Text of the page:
Three Georgians with disabilities have filed a lawsuit alleging that state agencies have failed to provide accommodations to help them maintain their eligibility for food stamps and Medicaid.
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Thousands of Georgians with disabilities face a similar risk of a benefits cutoff, the lawsuit contends.
The lawsuit, filed last week in federal district court in Atlanta, names as defendants Bobby Cagle, head of the Division of Family and Children Services of the Georgia Department of Human Services; Robyn Crittenden, commissioner of the Department of Human Services; and Frank Berry, commissioner of the Department of Community Health.
Spokespeople for these agencies told Georgia Health News that they could not comment on the lawsuit, citing the fact that it’s pending litigation.
All three plaintiffs are described in the lawsuit as indigent.
One of them, identified as R.H., a resident of Lithonia, “is disabled by macular degeneration and, as a result, is visually impaired and cannot read small-font documents, drive, or easily navigate public transportation,” the lawsuit says. Her Medicaid and food stamp benefits were terminated by DFCS when the agency failed to provide reasonable accommodations – or larger-font documents – for her to renew benefits, the lawsuit says.
The second plaintiff, M.L. of Atlanta, is disabled by mental health impairments, including schizophrenia and anxiety that hinder his judgment and make it difficult to understand written documents, according to the suit. M.L.’s food stamp benefits were terminated when DFCS allegedly failed to provide reasonable accommodations to help him submit renewal paperwork.
H.J. is a resident of Savannah, was born deaf, and requires an American Sign Language interpreter to communicate, the suit says. She also does not speak English well and at times has difficulty understanding written English. H.J.’s food stamps were cut off by DFCS when the agency failed to provide her with reasonable accommodations, or a sign-language interpreter, to renew eligibility, the suit adds.
Besides dealing with their benefits problems, the three plaintiffs “are already balancing a difficult [personal] budget,’’ said Wingo Smith, an attorney for Atlanta Legal Aid. That organization, along with the National Center for Law and Economic Justice, Alston & Bird, and Georgia Legal Services Program, is representing the plaintiffs.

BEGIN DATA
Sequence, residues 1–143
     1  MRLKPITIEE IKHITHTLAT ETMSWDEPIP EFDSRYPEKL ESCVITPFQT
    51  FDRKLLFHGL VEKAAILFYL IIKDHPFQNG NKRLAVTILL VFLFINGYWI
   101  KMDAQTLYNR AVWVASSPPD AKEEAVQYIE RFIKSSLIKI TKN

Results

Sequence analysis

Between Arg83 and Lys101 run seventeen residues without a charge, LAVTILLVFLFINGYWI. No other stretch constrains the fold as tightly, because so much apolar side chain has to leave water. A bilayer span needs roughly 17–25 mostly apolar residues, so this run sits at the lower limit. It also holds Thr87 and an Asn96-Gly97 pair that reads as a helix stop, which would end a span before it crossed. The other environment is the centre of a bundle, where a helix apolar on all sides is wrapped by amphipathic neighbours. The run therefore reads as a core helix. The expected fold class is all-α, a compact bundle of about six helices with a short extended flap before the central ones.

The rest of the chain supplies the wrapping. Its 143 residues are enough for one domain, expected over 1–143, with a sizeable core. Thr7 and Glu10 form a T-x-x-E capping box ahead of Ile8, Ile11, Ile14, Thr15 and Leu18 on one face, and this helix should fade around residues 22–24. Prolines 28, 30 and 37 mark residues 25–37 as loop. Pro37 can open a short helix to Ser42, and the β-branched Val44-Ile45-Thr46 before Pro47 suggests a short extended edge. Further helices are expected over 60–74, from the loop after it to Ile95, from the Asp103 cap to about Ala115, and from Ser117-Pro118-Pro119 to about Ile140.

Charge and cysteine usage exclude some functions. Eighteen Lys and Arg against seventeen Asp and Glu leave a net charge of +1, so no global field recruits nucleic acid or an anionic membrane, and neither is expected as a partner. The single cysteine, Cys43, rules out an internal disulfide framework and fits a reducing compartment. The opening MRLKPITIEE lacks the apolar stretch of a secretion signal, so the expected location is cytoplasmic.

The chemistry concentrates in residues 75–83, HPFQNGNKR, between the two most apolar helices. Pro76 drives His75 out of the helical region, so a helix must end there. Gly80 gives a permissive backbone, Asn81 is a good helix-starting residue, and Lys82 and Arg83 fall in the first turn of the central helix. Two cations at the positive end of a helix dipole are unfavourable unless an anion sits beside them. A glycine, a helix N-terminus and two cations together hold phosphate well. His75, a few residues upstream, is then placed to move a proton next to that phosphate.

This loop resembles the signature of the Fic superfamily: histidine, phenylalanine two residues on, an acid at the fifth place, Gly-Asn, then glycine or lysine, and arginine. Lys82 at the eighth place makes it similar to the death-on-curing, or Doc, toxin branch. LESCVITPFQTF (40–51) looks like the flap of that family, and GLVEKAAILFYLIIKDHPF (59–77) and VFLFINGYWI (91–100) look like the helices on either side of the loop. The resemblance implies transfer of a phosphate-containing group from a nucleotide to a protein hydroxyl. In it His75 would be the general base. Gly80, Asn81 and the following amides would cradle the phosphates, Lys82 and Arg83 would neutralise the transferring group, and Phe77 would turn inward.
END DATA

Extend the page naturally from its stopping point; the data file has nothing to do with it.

People with disabilities, Smith said, “have had extreme difficulty’’ in obtaining the appropriate help for renewing their benefits.
“They need to get a lawyer to get through the process,’’ he told GHN this week. DFCS does not have an effective system for taking requests for assistance from people with disabilities and helping them comply with requirements that they are unable to meet because of their disabilities, Smith added.
In November 2015, there were 255,266 blind or disabled enrollees in Georgia Medicaid, constituting 14 percent of all enrollees, the suit says. In fiscal 2014, about 17 percent of Georgia households getting food stamps included non-elderly individuals with disabilities.
“As a result of defendants’ longstanding failure, plaintiffs and thousands of other individuals with disabilities face a risk of the imminent loss of critical, subsistence-level benefits when — without the reasonable accommodations that DHS and DFCS are required, but fail, to provide — they cannot comply with defendants’ application and procedural rules,’’ the suit charges.
The agencies’ policies and practices violate the Americans with Disabilities Act, says the lawsuit, which seeks injunctive relief and policy changes that will provide accommodations for people with disabilities.
The defendant agencies are piloting a new benefits eligibility system. (Here’s a recent GHN article on the system.) But Smith said the new computerized system won’t change the disabilities problem by itself.
“We think there are a lot of stories out there of people who are having these problems,” he said.
Andy Miller is president and CEO of Georgia Health News.